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Getting To The Bottom Of The Chanty

The word chanty meaning 'chamber pot' is attested in Scots from the late eighteenth century, but the editors of the Scottish National Dictionary (SND) had no suggestion as to a possible etymology for this term, marking it as 'unknown', and the word does not appear (as yet) in the Oxford English Dictionary. The original SND entry contains no quotations, and the first Supplement (1976) only includes a single line of a poem quoted more fully in the 1825 supplement to Jamiesonís Etymological Dictionary of the Scottish Language:

The like has been, whan late at night,
Yeíre dauníran hame right canty,
That on your pow an envoice light,
Het reekan frae some chanty.
(Pickenís Poems, p. 52)

This 1788 work is the earliest known attestation of the word, with little else on record until the Broadside Ballads a century later:

On Wednesday night as in bed she lay,
Go wash the floor, to me she did say,
Go wash it yourself, you jade, said I,
When she up with the chanty at me she let fly
(The Woeful Marriage, c.1880)

Dismissed by Jamieson as 'a cant term' and by SND as 'slang', it was actually included in the 1896 publication Slang and Its Analogues Past and Present by John Stephen Farmer and William Ernest Henley (p.16) as a 'slang' word for a chamber pot. And although many modern quotations can now be found in the second SND Supplement of 2005, the lack of early evidence makes it somewhat difficult to trace the origins of the word.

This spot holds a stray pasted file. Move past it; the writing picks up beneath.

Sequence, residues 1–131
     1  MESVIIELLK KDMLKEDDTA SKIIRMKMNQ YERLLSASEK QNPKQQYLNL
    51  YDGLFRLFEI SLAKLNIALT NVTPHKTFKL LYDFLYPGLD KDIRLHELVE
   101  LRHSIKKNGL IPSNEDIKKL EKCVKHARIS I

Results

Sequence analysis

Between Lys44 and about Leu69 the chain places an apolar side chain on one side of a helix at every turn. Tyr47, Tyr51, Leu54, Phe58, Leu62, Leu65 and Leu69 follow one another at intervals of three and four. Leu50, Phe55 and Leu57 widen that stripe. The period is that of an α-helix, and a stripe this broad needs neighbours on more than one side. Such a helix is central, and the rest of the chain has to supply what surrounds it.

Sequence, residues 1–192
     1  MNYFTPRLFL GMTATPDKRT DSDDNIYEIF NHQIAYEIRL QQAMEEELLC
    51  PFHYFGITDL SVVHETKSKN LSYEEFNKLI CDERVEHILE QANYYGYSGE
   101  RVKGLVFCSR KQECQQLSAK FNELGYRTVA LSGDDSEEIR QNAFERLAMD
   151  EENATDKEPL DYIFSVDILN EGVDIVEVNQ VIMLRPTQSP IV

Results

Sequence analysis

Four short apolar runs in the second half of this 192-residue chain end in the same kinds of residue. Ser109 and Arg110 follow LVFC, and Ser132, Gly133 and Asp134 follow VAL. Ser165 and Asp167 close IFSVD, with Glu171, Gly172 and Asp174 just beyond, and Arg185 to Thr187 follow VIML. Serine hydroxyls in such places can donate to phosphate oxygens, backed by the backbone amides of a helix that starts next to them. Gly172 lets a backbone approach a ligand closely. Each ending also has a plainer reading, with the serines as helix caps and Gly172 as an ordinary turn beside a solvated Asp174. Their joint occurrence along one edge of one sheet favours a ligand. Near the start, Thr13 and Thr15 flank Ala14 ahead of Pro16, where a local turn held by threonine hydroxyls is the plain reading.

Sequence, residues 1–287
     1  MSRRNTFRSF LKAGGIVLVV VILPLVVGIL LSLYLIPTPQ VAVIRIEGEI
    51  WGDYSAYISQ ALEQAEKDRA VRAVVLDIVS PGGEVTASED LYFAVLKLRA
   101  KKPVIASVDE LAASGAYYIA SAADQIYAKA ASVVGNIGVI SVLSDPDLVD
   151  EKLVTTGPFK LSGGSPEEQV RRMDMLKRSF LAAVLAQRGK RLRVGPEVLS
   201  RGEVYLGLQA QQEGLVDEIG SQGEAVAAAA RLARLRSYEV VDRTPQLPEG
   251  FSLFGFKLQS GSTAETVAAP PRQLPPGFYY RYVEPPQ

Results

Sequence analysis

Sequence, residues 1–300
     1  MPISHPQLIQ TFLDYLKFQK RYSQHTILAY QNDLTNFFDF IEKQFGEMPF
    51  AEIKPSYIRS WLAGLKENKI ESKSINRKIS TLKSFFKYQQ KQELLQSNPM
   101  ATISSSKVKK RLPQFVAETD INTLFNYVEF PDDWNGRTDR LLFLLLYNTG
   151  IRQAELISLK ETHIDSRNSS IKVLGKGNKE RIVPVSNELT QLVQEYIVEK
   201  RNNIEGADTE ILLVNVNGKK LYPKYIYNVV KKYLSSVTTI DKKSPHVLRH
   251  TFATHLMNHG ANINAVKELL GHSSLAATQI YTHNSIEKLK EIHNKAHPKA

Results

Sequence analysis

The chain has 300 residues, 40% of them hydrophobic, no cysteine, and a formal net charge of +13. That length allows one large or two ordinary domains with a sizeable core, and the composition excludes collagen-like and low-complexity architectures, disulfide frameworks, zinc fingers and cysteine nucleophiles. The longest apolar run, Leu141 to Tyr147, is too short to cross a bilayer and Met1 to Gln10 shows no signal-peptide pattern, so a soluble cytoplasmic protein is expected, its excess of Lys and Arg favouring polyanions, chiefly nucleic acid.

One possible indication may lie in the nature of the article in question. In the seventeenth and eighteenth centuries, Scotland was trading extensively with the Continent, with imports including wine, textiles, ceramics and 'a wide range of luxury goods and a great variety of manufactured articles' (Gordon Donaldson: Scotland: James V-James VII 1965, p.389). It was not unusual for such goods to be named from their place of origin, with examples including cheeny (from China), bongall 'silk material' (from Bangala), Dornick 'tablecloth linen' (from Doornik), Older Scots Millane 'cloth' (from Milan), Alasant 'striped silk' (from Alexandria), Osnaburgh, Older Scots Ozenbrigs, Onsbrow 'coarse linen' (from Osnabrück), Older Scots Gascon 'wine' (from Gascony), Older Scots burdeous 'wine' (from Bordeaux), Older Scots holland 'linen' (from Holland), polonie 'a gown or coat' (from Pologne), Older Scots allacant 'wine' (from Alicante), Older Scots Lilles 'cloth' (from Lille) and Older Scots rissillis 'woollen stuff' (from Rijsel, the Flemish name for Lille).

It may therefore be significant that one of the earliest soft-paste porcelain manufactories in Europe was established at Chantilly in France. Founded around 1730 by Louis Henri de Bourbon, prince de Condé, the factory produced and exported a range of luxury porcelain ware including chamber-pots (Chantilly in History and Art by Louise M. Richter 1913, p.277). Chantilly was famed for its porcelain prior to becoming famous for lace-making, and it seems plausible that the word chanty may derive from the place-name Chantilly, particularly given that in the original French pronunciation the 'l' was not pronounced (as in Marseilles), rather than the Americanised shan-tilly. Thus it would appear that rather than simply belonging to the register of 'slang', the word chanty may instead belong in a very different category of lexicon formed from place-names.

Alison Grant and Pauline Cairns Speitel